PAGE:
Document Type


Publication Date

Summer 2004


In this paper we, a research team comprising one professor of education and four graduate students document our reflections on questions we have about the challenges of documenting the impact of teacher education coursework and on our collective research. This paper is organized into three, separate sections. In the first section we present data that Patricia collected while observing Renee teach the same group of prospective English students over two semesters. These courses, C&I 301 (Introduction to Teaching in a Diverse Society) and C&I 302 (Teaching Diverse Middle Grades Students), are the first two courses in a four course sequence that integrate methods of teaching English with critical analysis of schooling and with reflection on one’s own transition from student to teacher. For the two subsequent courses (C&I 303, Teaching Diverse High School Students; C&I 304, Assessing Secondary School Students) the students were taught by different instructors and, during C&I 304, were student teaching. The term, “diversity” is included in the course titles because the teacher education program emphasizes that multicultural education is not a separate course, but that celebrating and working productively with a diverse student population is embedded in everything we do as teachers of adolescents (and adults). In this paper we respond to two recommendations Renee and Patricia have raised in previous works (Clift & Brady, 2003; Clift, 2004) in that we are exploring the ways in which longitudinal study can be incorporated into self-study; we are also using friendly critics (Patricia, Raul, Jason, and Soo Joung) as we analyze Renée’s teaching and the potential impact of her courses (as well as that of the larger teacher education program) on thirteen teacher education graduates’ developing practice. (These graduates have all been out of the teacher education program for two years now.) As our work proceeded we realized that as a team we were grappling with issues of power, authority, and voice in both the selfstudy and larger study. We have shaped this paper to allow others to glimpse our process and the questions it continues to raise for our work.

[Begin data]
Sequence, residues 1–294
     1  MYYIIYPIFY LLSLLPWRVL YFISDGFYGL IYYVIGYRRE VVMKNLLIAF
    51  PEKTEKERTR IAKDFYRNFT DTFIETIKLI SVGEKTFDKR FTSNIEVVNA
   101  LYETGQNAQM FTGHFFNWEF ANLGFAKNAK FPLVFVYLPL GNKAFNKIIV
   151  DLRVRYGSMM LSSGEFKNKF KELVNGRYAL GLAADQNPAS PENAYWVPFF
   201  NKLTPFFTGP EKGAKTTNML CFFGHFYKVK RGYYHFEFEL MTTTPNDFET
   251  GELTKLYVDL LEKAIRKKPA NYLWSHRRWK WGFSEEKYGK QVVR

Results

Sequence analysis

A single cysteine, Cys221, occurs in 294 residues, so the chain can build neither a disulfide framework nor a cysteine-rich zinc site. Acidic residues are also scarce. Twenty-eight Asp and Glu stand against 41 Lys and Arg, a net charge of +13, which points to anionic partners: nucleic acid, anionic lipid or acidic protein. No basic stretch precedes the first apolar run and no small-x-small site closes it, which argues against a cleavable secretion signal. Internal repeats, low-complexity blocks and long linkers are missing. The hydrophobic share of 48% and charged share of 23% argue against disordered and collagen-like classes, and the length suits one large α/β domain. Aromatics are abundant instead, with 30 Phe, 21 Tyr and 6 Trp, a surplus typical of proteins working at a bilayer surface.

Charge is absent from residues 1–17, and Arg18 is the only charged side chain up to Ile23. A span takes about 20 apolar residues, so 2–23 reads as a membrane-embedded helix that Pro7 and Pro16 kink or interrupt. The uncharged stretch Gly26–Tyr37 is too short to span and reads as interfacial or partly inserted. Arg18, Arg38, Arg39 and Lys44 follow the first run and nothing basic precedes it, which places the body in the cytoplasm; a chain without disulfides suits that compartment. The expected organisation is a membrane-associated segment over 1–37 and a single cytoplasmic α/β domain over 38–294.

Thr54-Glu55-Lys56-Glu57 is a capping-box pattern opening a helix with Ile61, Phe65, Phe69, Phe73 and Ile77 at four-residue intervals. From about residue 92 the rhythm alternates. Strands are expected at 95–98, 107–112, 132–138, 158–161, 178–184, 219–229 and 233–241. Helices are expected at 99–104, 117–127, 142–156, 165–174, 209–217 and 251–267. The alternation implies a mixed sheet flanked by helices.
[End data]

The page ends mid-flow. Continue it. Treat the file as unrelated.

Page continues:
This paper is collected in the Proceedings of the International Conference on Self-Study of Teacher Education Practices, available here:



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